A Love Supreme: The Story of John Coltrane's Signature Album
“ ...the album A Love Supreme is Coltrane at the pinnacle. On every level it is superlative Coltrane. ”
Ashley Kahn (foreword by Elvin Jones)
The accepted authority on Trane and the authoritative analysis is Professor Lewis Porter’s John Coltrane: His Life and Music, University of Michigan, Ann Arbor, 1998. His is a splendid and immaculate celebration but one leaning toward strict musical analysis and written within an academic tradition. Mr Kahn brings a different perspective in part because his focus is obviously on one work (A Love Supreme) but also because his purpose is somewhat different.
For many the album A Love Supreme is Coltrane at the pinnacle. On every level it is superlative Coltrane. It is therefore, not only of vital interest, but also a logical anchor from which to explore the music, the man and this particular work. That is Kahn’s task.
It is perhaps odd that in spite of jazz and matters spiritual having ever been hand in hand, Coltrane it seems was the first to address the two directly, face to face. Countless jazz musicians cite the church, gospel preachers, hymn based chords, melodies, rhythms, call and response patterns – but almost always as influences.
Spiritual elements are ever present in jazz. Religious ideas were prominent from the outset. Later, musicians of the bop, post bebop and hard bop eras reverted to or took Muslim names. The lyrics of jazz abound in religious influence.
Yet Coltrane’s Love Supreme involves something different. Love Supreme and Coltrane make jazz music a central tool of spirituality. Jazz fused, not just influenced by or a borrower of spiritual notions, but melded and made one with spirituality in a totally and deliberately explicit fashion.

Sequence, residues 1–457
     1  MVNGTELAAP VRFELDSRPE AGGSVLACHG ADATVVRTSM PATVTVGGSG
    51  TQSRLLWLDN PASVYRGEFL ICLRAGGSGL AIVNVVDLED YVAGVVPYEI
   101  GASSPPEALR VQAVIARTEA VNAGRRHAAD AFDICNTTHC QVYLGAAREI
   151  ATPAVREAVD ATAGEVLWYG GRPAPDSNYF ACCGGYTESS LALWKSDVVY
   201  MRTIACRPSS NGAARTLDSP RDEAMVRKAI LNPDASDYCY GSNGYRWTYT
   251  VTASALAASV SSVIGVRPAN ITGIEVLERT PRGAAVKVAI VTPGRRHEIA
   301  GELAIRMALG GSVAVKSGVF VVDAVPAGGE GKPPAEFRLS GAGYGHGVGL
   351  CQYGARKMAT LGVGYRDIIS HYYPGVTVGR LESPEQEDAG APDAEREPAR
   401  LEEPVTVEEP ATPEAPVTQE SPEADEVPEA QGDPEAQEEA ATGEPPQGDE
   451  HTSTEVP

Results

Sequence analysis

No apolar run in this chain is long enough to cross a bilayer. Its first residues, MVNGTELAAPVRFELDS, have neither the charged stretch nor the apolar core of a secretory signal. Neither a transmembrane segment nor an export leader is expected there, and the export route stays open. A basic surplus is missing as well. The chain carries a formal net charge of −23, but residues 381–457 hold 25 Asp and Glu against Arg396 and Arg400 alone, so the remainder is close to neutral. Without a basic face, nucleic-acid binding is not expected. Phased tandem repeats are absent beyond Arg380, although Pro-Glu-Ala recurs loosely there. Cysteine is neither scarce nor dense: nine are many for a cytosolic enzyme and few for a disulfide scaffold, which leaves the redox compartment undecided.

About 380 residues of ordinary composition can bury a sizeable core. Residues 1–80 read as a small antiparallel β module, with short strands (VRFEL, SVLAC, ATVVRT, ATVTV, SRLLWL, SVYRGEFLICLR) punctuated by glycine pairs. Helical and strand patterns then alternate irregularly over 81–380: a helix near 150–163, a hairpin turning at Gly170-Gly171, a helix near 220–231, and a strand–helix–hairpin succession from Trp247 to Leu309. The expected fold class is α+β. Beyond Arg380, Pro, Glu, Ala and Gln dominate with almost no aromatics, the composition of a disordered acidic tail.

Kahn documents and analyses this phenomena and, importantly, what others made and continue to make of it. As he did in The Making of Kind of Blue , Kahn achieves this in an approachable, down to earth as well as informative manner. The book is a joy from numerous angles.
Meticulously researched and replete with numerous interviews, quotes, reactions and comments from those closest to the action – the cast sprawls across the jazz landscape well beyond immediate musicians and family - Kahn’s work provides great insight into the inspiration and evolution of Coltrane’s journey.
He tackles the place of the sideman and the particulars of promoters and critics as well as the working practices of professionals such as Rudy Van Gelder and Bob Thiele. The story, for the topic demands more than simply describing how a famous record was made, is set in a wider context which locates the music without suffocating it in social or historical commentary.
The book itself, at least the hardback, is an excellent object in its own right. The right size and shape to make itself noticed, it is filled with photographs not regularly seen, spiced with quotes, scribbles, notes and produced on quality paper that make it a joy to read and refer to. As with Kahn’s Making of Kind of Blue, enjoying the book is a “read listen read listen” project.
Kahn makes especially effective use of contrasting “out takes” – pages here and there detailing related but not central subjects such as the fortunes of some labels, the role of commission distribution selling, the character of certain venues, the atmosphere of specific performances and numerous like topics.
The effect is to bring immediacy to the more analytical material and remind us that for all the deeper issues the book is about great music, magic performances and an exhilaration for everybody involved.
You could be forgiven for thinking that armed with Porter’s book and of course the requisite CDs you had Coltrane pretty well covered. Not so. Kahn’s is a major addition.
It would never do justice to Coltrane or his work to be any less enthused and involved in writing up “A Love Supreme” than this unique human being evidently was in creating it. That is a formidable challenge. It is one Ashley Kahn has more than met.